One Shaquille O’Neal you probably know: The retired basketball player who has four NBA championship rings and an Olympic gold medal, who was voted an All-Star fifteen times, and who ranks 6th on the all-time scoring list.

Or you might know another Shaq: The one who appeared in movies, released rap albums, was a character in video games, had a reality TV series, and is now an NBA television analyst for TNT.

But there’s one Shaq you probably don’t know: The one who has an MBA and is working on his Ph.D., who owns fitness centers, car washes, Five Guys franchises, nightclubs, and real estate, has his own shoe brand, and holds equity positions in companies like Google (his slice was pre-IPO), Vitamin Water, and Muscle Milk.

He’s also the spokesperson for the Dove Men+Care Journey to Comfort campaign, a series where men share how they overcame obstacles in a journey to feel comfortable in their own skin.

And he “stars” in Shaq’s Big Excuse, a Facebook app based on the upcoming NCAA men’s basketball tournament: Fill out a quick form and Shaq will phone your boss, friends, or whoever you want to tell them why you won’t be available during the tournament. (My favorite: “We’re in a yodeling competition.”)

Inc: You’re a guy who seems as comfortable in his skin as is possible. You even conducted the Boston Pops. But I’m sure you didn’t always feel that way.

Shaq: My worst years were age nine to seventeen. I was shy. I was insecure. I stuttered. I wanted to be a basketball player but I wasn’t very good.

One day my father threw a paper at my chest and said, “Look at this guy. He just signed an NBA contract for $3 million a year, and he’s not that good.” I watched him play on TV and I thought, “I can do that.” So while everyone else was out doing juvenile delinquent stuff, I was on the court. I realized if I worked hard and stayed out of trouble, I could make a name for myself.

Inc: You’re on the way to becoming Dr. Shaq, but still, are there things you’re trying to change about yourself that would make you even more comfortable with who you are?

Shaq: Education is the main thing. I earned my MBA and I’m working on my Ph.D. I love learning about leadership, especially when it’s based on purpose and on trying to help other people become better leaders.

Inc: The average celebrity tends to invest in businesses where their name can help generate business, but your name doesn’t appear on many of your ventures. Some of your investments are pure business plays.

Shaq: One day I was riding through a neighborhood looking at all the huge houses, and I asked what the people who lived there did for a living. They owned businesses and they didn’t brag about what they did. I realized the business should be important, not just the name behind it.

Inc: In your book you talk about your Facial Recognition Advantage, and how being known can get you a meeting with almost anyone. But is it true you used to call Steve Jobs and ask for the new iPhone before everyone else got one?

Shaq: Oh yeah. That’s true. Didn’t work though.

Inc: There are obvious advantages to doing business with you… but what do you bring to the table that isn’t so obvious? If I take a meeting by Shaq, what will surprise me?

Shaq: The biggest surprise is that I do my due diligence ahead of time. If you contact me, I do my homework. Then, if I like your idea or your company or your product, I’m not really looking for an endorsement deal. I want a partnership. You get a great partner when you get me. I’m not interested in just taking your money. I’ll promote, I’ll help, I’ll do anything I can to make it work for both of us.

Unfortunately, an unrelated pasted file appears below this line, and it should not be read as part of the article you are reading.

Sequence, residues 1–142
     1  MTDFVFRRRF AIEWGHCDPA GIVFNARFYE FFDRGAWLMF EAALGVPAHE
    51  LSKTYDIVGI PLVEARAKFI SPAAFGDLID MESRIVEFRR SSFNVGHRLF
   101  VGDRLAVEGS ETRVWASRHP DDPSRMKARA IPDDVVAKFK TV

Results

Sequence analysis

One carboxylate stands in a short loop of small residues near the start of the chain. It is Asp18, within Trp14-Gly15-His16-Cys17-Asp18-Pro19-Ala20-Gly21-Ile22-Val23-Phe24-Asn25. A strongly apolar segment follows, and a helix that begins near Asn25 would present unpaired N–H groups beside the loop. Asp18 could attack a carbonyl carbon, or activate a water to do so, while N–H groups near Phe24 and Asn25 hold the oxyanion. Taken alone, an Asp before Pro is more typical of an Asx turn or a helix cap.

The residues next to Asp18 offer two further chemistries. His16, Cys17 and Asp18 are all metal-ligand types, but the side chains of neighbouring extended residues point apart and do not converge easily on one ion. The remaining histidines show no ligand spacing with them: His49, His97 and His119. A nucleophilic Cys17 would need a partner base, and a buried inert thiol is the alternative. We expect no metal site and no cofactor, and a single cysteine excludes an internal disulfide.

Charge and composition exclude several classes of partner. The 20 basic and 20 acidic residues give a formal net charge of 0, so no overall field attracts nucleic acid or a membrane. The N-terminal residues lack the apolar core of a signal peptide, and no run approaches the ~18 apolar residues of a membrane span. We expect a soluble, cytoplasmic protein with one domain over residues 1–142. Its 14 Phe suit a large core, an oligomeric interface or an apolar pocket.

Inc: What’s the strangest pitch you ever got?

Shaq: A guy wanted to take my sweat, mix it with chemicals and create a cologne, and call it something like Elliuqahs (Shaquille spelled backwards.) Needless to say I turned that one down.

Inc: You’re pretty good at spotting undervalued business opportunities. If you were an NBA owner, is there a player today who is undervalued that you would “invest” in?

Shaq: Rudy Gay. Great player but he plays in a small market (Memphis). Get him in a big market and he would be a superstar.

Inc: What do you least enjoy about being an entrepreneur?

Shaq: Nothing. What’s not to like? You make your own decisions, you live with those decisions, and you move on. I don’t look for the quick hit. I invest in things because I believe in them. If you stick to that model, you can’t lose.

Inc: From the outside it appears your business strategy can be summed up as, “Hey, that looks like fun. I’ll try it.” How accurate is that?

Shaq: That’s it exactly. There are millions of opportunities. Why do something if you don’t think you can have fun?

Inc: My dad once said that someday, when you’re an old man sitting on a porch, the times that will make you feel good about your life are when you helped others. Is there a particular story that will make you smile someday when you’re sitting on your porch thinking back on your life?

Shaq: In my 20s I was at a car dealership in Los Angeles and an elderly lady was trying to buy a van. She came out crying and I asked her what was wrong. She didn’t have good credit and couldn’t get a loan. We talked for a while and she showed me a picture of her grandson who had lost his legs. She reminded me a lot of my grandmother who had just passed away, and I wanted to do something for her. So I bought her a van. I’ve helped a lot of people since then, but I will never forget how good it made me feel to help a person who really needed help.